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Help Needed

re : Help Needed           reply
06/12/2012 12:17 - Bullying
Dear Anne
Bullying it is, and its never easy to deal with. It sounds like your daughter has strength, and its important to encourage that. Build her self-esteem, show her you believe in her ability to cope with this and that you will help her all the way.
Unfortunately there is no easy answer for this situation. Keep up the communication with your daughter. Help her to look at all her options. Check in with her about how she is managing to distance herself from this girl and whether it is affecting her other friendships. And where the other friends are concerned - do any of them ever join in with the hurtful stuff? or is anyone else ever targeted? It rarely happens in isolation. Help your daughter identify allies and keep up friendships, make them welcome in your house, encourage her to have hobbies and sports where she meets people too.
Perhaps the most important thing here is to help your daughter stand up to the bullying. Avoidance is one strategy, but if she could be supported to speak up, to defend herself, then she will learn more about her own inner strength and build confidence that she can deal with other similar situations - as well as possibly changing the bully herself because bullies can´t bully someone who sticks up for themselves well.
See if you can brainstorm things she could say, even like ´Yeah, look who´s talking´ or ´Takes one to know one´ to deflect the verbal bullying. She definitely does not have to be friends with this girl (she´s no friend for her) - but she may still have to have some interactions with her so she needs to be prepared to handle her effectively. Humour is a great way to deflect things - for instance replying to a hurtful comment with ´That makes two of us then´, or acting confident ´Thanks!´ or ´Cheers!´ as if its water off a ducks back. Try not to let any of the upset show in front of the bully as that just gives them power. Instruct her to laugh it off where possible, or ignore. Don´t give the satisfaction of showing upset.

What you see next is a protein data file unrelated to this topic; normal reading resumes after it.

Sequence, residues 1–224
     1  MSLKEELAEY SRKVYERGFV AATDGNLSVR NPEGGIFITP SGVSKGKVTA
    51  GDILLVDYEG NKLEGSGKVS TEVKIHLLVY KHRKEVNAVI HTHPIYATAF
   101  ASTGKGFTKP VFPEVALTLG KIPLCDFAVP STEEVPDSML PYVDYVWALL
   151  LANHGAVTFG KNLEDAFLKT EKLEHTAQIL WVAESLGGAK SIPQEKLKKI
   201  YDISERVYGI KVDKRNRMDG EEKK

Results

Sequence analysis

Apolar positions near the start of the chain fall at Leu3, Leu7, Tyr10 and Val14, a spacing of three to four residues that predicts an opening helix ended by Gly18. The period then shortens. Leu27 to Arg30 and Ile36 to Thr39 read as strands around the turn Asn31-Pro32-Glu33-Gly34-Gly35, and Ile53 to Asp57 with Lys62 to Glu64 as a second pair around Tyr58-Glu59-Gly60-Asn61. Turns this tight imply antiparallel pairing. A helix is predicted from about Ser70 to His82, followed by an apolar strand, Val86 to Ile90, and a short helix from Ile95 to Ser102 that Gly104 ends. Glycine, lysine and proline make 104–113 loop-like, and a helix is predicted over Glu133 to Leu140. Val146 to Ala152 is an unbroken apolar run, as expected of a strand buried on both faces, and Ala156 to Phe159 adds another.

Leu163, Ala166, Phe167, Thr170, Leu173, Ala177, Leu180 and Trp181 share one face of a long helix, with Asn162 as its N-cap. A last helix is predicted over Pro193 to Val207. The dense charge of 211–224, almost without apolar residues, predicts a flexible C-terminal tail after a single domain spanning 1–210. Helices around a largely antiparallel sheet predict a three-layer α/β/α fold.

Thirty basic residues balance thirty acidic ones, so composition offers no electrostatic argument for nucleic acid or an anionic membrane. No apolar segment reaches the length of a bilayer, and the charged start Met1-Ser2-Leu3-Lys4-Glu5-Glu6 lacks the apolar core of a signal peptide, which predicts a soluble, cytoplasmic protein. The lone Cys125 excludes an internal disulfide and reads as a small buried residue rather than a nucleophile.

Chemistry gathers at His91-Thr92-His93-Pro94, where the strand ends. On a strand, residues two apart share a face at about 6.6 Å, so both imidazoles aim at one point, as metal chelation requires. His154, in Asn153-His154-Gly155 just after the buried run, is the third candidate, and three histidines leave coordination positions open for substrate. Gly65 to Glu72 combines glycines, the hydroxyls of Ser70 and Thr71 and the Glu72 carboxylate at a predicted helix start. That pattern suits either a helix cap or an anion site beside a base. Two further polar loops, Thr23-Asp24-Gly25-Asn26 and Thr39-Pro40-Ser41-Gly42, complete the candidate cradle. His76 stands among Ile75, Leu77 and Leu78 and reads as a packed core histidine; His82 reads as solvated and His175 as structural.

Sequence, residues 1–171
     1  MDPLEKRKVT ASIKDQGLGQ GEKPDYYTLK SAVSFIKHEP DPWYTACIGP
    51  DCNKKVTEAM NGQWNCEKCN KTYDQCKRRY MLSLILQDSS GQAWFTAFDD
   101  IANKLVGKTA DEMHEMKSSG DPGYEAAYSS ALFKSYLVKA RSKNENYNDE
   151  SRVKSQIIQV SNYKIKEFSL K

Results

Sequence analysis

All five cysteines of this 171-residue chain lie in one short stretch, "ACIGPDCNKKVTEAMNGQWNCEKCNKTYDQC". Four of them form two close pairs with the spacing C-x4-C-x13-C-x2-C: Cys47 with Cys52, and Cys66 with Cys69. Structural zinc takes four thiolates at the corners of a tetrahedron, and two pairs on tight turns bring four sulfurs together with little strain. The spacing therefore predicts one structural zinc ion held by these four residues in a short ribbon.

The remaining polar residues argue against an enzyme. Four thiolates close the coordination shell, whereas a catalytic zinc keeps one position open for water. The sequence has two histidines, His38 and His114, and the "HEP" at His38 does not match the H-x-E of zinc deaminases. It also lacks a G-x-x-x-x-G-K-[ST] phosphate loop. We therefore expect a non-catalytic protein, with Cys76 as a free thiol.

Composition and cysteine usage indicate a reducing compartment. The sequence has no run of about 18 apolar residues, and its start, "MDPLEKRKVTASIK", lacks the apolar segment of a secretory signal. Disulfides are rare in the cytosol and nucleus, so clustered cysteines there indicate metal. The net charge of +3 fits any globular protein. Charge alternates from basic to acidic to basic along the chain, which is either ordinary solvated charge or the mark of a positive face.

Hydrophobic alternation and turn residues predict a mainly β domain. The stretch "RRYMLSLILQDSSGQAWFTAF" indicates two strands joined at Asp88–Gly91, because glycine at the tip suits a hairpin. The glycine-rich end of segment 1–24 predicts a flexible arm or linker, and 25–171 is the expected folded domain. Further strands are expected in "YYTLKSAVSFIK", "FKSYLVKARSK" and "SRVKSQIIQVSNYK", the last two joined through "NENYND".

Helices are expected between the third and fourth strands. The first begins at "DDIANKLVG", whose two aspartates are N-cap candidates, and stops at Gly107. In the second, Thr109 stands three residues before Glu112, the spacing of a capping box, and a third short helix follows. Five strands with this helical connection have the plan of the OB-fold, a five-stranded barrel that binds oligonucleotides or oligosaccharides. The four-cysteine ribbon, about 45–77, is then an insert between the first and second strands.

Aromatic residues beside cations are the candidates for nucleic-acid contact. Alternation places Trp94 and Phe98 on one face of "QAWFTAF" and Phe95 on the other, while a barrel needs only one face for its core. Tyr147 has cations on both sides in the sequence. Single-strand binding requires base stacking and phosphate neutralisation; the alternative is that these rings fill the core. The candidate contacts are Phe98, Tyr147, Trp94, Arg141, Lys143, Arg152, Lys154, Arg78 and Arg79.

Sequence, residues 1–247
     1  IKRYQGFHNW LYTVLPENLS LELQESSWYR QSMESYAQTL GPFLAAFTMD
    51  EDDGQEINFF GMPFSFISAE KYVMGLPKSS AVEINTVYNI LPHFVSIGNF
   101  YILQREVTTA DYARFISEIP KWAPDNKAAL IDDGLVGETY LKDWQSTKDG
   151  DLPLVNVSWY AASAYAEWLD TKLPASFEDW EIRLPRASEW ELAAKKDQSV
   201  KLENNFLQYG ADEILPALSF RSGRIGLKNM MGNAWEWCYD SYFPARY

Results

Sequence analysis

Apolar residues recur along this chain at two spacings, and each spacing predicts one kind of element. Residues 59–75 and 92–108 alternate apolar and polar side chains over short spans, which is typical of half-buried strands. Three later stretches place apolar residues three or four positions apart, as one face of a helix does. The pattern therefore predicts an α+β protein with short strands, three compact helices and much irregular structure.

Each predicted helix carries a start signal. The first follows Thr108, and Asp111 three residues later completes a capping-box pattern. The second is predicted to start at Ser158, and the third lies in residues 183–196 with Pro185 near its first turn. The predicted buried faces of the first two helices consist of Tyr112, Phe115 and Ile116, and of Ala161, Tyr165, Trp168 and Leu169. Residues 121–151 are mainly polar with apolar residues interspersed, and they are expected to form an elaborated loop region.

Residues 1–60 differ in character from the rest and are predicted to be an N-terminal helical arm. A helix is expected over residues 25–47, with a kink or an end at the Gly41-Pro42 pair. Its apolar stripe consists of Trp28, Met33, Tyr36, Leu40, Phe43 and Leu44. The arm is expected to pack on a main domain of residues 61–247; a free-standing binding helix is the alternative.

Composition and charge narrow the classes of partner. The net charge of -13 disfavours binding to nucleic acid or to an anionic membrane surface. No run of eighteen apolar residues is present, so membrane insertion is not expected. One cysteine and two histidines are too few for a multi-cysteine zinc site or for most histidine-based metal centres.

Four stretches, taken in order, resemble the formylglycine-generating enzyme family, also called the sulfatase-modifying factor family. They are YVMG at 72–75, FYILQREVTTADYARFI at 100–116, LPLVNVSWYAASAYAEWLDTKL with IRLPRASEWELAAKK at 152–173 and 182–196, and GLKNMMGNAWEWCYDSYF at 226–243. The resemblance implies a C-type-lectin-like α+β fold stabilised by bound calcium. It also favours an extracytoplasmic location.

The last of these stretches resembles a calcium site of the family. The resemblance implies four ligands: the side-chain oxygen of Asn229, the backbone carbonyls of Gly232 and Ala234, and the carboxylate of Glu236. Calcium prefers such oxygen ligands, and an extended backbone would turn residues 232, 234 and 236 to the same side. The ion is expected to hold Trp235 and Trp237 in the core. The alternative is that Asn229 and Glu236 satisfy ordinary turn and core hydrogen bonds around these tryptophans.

Another tactic is to name it as bullying - act confident, look the girl in the eye, and ask her to Stop or else she´ll be reported to the teacher (if in school). Your daughter could say ´Stop bullying me´ or ´Dont be such a bully´ particularly in front of friends - the bully won´t want to lose face. In fact, if this bullying is happening in school, you should consider involving the school to protect your daughter.
A useful resource is the Anti-Bullying Centre (ABC) in Trinity College Dublin; Dr Mona O´Moore has written ´Understanding School Bullying: A Guide for Parents and Teachers´, published by Veritas.
I hope this helps.

Help Needed           reply
04/12/2012 17:01 - Bullying
Hi everyone, any help or advice would be greatly appreciated. My 11 year old daughter is having problems with a "friend" of hers. I don´t want to overuse the word "bullying" but this girl is regularly making smart comments to her, slagging her and generally just being mean. It has been ongoing for many years now, on and off but in the last few months seems to be getting more frequent. The rest of the time they play well together. I have had a chat with my daughter and she herself has decided to try and put some space between them, in fact she is adamant that she doesn´t want to be friends any more with her. The problem is that they are part of a gang of friends and have mutual friends and I don´t want my daughter losing out. Any feedback on how to handle this would be great. Tks.

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